EB-eye EBI's Search Engine

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The 'EB-eye' - EBI's Search Engine for biological databases

The European Bioinformatics Institute (EBI) is a non-profit academic organisation that forms part of the European Molecular Biology Laboratory (EMBL).

The EBI is a centre for research and services in bioinformatics. The Institute manages databases of biological data including nucleic acid, protein sequences and macromolecular structures.

The Mission of the EBI

  • To provide freely available data and bioinformatics services to all facets of the scientific community in ways that promote scientific progress
  • To contribute to the advancement of biology through basic investigator-driven research in bioinformatics
  • To provide advanced bioinformatics training to scientists at all levels, from PhD students to independent investigators
  • To help disseminate cutting-edge technologies to industry

What is the EB-eye ?

The EB-eye is a fast and efficient search engine that currently provides easy and uniform access to biological data resources hosted at the EBI. The project was started in August 2006 and is developed on top of the Apache Lucene technology. It is a Java framework that provides extremely powerful indexing and search capabilities. The EB-eye presents the hits of a search in a very simple way and acts as a gateway to access biological entries and related information in dedicated portals. One of the key features of EB-eye is the capability to coherently display the relationships that exist between diverse databases allowing the user to navigate this network of cross-references. The user can search globally across all EBI databases through the “Global Search” box or even create more specific queries on targeted resources by using the EB-eye “Advanced search”. EB-eye publicly exposes both a web and a web services interface.

Access to the EB-eye

  • From the top of any page on the EBI web portal.


Global Search

The global search is available at the top of all EBI web pages. You can simply type some query terms into the text dialogue there and press GO (or press Enter). The system then displays a summary page with the name of the various data sets and the number of matches found in each of them. The user can expand or contract the visualization of the query results for each or all the databases by clicking the relevant '+' or '-' signs in the page. When expanded, each data set is shown along with the number of entries found.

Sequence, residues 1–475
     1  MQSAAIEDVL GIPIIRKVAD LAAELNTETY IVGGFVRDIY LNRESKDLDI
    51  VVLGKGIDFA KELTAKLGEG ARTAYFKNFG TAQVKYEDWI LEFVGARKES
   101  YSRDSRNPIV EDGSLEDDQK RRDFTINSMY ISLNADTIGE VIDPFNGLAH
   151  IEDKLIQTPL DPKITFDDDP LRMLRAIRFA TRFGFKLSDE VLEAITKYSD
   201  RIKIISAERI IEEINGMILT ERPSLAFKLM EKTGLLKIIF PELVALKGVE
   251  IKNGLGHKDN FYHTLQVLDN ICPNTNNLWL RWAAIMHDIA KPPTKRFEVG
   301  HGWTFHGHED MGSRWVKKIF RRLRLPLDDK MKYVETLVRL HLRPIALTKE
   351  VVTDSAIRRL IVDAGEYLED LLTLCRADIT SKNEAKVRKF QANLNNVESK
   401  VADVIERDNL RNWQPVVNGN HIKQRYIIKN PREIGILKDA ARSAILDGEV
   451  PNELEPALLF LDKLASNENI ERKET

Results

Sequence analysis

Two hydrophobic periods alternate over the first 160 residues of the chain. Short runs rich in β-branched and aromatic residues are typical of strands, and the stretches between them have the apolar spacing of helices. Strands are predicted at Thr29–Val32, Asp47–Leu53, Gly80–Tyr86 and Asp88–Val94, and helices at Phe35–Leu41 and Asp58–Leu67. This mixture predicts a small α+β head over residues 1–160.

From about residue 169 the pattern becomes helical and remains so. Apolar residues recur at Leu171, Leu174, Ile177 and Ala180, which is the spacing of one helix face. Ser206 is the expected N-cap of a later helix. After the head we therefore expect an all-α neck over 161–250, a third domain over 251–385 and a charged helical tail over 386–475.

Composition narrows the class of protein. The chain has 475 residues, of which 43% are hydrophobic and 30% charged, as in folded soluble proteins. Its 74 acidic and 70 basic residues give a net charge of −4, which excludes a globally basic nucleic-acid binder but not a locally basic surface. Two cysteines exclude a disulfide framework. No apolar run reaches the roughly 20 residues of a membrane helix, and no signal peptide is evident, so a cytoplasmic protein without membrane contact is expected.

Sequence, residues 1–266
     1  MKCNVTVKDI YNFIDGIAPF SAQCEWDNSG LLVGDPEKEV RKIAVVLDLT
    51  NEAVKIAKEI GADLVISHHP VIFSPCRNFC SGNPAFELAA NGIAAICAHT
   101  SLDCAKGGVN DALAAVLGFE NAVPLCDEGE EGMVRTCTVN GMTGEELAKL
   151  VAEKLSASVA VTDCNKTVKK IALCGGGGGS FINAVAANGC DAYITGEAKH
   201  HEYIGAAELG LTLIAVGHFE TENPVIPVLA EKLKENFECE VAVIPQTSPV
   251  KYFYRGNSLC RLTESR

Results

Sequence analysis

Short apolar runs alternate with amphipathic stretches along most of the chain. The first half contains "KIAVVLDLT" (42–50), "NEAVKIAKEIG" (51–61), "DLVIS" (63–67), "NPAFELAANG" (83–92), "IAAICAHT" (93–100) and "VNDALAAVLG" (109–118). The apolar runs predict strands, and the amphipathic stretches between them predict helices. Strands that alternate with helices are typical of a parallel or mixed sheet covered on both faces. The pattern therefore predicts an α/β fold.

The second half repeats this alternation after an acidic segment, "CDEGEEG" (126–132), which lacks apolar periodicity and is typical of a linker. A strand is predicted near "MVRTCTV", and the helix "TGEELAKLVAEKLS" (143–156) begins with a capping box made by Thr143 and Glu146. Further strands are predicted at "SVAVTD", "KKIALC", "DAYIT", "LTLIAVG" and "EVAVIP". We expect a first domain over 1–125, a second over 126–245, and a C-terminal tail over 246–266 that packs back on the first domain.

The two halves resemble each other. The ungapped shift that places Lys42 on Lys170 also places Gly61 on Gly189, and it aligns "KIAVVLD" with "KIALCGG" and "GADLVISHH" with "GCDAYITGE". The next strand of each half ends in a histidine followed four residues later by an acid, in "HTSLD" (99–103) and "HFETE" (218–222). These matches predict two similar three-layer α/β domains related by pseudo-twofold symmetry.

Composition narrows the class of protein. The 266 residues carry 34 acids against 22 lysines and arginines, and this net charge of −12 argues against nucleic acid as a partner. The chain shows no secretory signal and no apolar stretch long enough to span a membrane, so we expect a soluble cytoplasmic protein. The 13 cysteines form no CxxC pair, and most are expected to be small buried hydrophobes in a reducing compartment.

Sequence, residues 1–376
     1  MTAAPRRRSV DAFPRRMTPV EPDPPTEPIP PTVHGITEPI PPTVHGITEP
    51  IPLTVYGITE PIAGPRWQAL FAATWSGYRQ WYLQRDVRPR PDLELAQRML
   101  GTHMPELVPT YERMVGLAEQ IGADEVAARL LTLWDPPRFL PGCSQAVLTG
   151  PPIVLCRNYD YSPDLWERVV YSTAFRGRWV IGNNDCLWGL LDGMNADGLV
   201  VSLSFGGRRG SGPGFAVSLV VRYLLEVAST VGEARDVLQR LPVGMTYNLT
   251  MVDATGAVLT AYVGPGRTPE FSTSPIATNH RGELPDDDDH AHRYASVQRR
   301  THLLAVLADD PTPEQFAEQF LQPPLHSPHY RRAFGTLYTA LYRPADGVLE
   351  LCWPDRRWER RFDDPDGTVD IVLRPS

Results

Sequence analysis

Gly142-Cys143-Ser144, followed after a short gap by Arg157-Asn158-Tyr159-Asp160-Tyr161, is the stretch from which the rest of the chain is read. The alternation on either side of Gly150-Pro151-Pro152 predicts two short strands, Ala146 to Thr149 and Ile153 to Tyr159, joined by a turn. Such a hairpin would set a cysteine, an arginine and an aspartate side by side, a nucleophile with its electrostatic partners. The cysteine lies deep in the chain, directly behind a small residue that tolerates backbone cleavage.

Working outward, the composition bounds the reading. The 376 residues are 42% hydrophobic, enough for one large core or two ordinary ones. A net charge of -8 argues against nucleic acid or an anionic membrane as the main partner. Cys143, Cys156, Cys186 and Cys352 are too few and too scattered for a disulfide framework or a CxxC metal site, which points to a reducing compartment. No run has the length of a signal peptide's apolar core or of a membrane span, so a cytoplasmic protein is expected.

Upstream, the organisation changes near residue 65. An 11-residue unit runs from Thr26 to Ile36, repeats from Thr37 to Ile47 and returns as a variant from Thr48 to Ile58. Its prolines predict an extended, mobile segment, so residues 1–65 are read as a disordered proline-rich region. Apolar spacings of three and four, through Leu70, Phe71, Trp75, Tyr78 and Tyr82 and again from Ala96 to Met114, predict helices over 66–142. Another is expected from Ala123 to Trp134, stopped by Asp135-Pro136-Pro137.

Global Search Examples
Insulin receptor = http://www.ebi.ac.uk/ebisearch/search.ebi?db=allebi&query=insulin+receptor 
P53 = http://www.ebi.ac.uk/ebisearch/search.ebi?db=allebi&query=p53 
External Services group = http://www.ebi.ac.uk/ebisearch/search.ebi?db=allebi&query=external+services 
Bos taurus (cow) data on the EB-eye = http://www.ebi.ac.uk/ebisearch/entryreferencesearch.ebi?db=allebi&relateddb=taxonomy&relatedid=9913
escherichia NOT coli = http://www.ebi.ac.uk/ebisearch/search.ebi?query=escherichia+%21coli&db=allebi 
C2H2 zinc finger family = http://www.ebi.ac.uk/ebisearch/search.ebi?db=allebi&query=C2H2+zinc+finger+family+&FormsButton3=Go 
DNA binding = http://www.ebi.ac.uk/ebisearch/search.ebi?db=allebi&query=DNA+binding 

Advanced Search

This kind of search is available from the 'Advanced Search' page. It first displays four text dialogues for each of the query types available in the system. By default the search is widened to the whole EBI data resources. Otherwise the 'domain-specific search' in this page leads the user to a wizard where it is possible to select a given data resource specifying which fields to use in the query. When multiple data resources are available in a 'domain' the user can select all of them or just one. After the selection of databases and fields has been completed the user can type the query terms of interest. See also Advanced Search Examples section.

What can the user Search for?

Many of the text fields of EBI data resources are indexed within the search engine, but some are not. The EB-eye can search only the information pertaining text fields that get indexed. This implies that other search engines operating on biological data might yield different results. As a rule of thumb, the EB-eye search engine index identifiers, names, descriptions, keywords and cross-references.

Advanced Search Examples

It is also possible to search using cross-references. In the same Advanced search select fields dialog it is possible to see which cross-references are indexed.

Help & FAQ on EB-eye

Further pages describing the syntax for quering using this search engine are available at the EBI's web site.

Programmatic access to the EB-eye

EB-eye is also accessible using web services technologies from the EBI. Please see the main Web Services pages at the EBI. A WSDL (Web Services Description Language) document is available here

Other Lucene-based search engine in biology/bioinformatics

Lucene has been around for a while now. Many bioinformatic centres have been experimenting with its use with biological data and databases. A pioneering development in this field is headed by Dr. Don Gilbert at Indiana University, called LuceGene, a part of the GMOD (Generic Software Components for Model Organisms Databases) initiative. Another example is the search engine in the [ http://www.uniprot.org UniProt web site] which is also based on Lucene and adds features such as sorting large data sets, subqueries across data sets and group-by queries.


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